Ride sharing companies that add public transit information to their apps will fail to engage the necessary transit partners for an effective solution and should instead focus on licensing platforms, says a new report by Juniper Research.
Nick Maynard, Lead Analyst and author of the report, told Cities Today that the model is not sustainable in the future. “The ideal business model format is based on a public-private partnership where public transport and the needs of the city determine how that Mobility-as-a-Service (MaaS) platform is created and integrated,” he said. “It has to be city led.”
Maynard highlighted Helsinki and Berlin as model cities with good MaaS platforms–Whim and Jelbi–that work well with the private and public sector.
“Berlin has the potential to be much bigger with the launch of Jelbi which is backed by MaaS platform provider Trafi,” he said. “That’s got really high potential, given the fact that public transport plays such an important role in Berlin, but also the positive engagement from the transit authority.”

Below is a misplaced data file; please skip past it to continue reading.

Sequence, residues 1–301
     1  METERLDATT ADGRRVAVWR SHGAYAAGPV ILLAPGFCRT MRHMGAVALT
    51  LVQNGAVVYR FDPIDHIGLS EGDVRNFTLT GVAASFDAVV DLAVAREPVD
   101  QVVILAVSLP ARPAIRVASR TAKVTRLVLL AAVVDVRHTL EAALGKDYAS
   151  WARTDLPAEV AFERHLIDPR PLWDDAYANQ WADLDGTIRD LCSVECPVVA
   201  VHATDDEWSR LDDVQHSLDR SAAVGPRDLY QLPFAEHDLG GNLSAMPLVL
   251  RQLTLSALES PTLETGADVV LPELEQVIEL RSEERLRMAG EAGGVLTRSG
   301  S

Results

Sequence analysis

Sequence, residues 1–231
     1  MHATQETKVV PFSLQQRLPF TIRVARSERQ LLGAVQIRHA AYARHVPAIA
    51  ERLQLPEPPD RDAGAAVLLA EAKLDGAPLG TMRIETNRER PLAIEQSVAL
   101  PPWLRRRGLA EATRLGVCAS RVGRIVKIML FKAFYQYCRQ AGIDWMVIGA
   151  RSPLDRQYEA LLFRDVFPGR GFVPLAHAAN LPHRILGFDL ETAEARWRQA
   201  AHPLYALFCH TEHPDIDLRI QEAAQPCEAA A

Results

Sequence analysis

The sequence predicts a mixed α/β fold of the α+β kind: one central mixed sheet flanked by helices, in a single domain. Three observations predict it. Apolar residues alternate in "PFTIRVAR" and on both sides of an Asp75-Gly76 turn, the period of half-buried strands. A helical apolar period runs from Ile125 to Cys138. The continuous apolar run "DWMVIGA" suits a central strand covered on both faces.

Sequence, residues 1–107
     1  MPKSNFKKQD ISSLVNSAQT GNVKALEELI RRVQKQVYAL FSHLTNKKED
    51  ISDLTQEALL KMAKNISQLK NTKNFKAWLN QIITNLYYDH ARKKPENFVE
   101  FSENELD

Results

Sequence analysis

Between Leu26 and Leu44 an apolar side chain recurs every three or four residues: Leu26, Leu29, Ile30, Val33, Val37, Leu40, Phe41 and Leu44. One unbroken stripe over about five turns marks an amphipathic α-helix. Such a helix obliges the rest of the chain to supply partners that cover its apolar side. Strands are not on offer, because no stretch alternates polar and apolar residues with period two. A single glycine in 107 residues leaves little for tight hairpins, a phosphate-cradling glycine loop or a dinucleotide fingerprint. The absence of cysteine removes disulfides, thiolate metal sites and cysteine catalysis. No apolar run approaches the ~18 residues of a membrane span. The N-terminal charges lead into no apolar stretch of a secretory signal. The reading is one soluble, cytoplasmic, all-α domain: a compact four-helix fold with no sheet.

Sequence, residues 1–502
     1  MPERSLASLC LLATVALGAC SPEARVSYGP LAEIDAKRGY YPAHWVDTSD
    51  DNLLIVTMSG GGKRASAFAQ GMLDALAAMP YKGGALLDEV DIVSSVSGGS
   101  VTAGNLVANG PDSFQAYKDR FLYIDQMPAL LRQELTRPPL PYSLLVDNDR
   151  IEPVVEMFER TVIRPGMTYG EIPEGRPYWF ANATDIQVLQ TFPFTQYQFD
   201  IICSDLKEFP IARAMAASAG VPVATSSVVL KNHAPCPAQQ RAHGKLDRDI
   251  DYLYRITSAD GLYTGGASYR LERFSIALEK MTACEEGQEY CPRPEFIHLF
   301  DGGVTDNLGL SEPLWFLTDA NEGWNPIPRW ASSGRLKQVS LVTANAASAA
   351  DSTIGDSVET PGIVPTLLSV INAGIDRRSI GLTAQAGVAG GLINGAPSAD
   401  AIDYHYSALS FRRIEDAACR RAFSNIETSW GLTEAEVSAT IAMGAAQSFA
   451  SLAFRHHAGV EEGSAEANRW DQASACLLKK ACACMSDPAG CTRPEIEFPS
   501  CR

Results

Effects of coronavirus on MaaS revenue
The new research says that revenue generated by the use of MaaS platforms into a single app, will exceed US$52 billion by 2027 but growth will not occur until 2021, because of significant reductions in transport usage due to the coronavirus pandemic.
MaaS revenue for 2020 had been forecasted to be 50 percent higher than now due to the coronavirus outbreak. It does however anticipate that MaaS initiatives will rebound quickly in 2021 as cities re-evaluate their transport strategies.
“Now is quite a good time for mobility heads to be planning what they’re going to be doing,” added Maynard. “The mobility platforms themselves have to agree pilots and talk to cities as soon as possible to make sure that this interruption [COVID-19] to the momentum isn’t permanent.”
The research noted that MaaS will save significant time for citizens from 2021, as it provides much-improved routes and travel options as well as reducing road congestion. By 2027, MaaS will lead to a commuter time saving equal to 2.7 days per MaaS user per year.
This article was shared by Cities Today.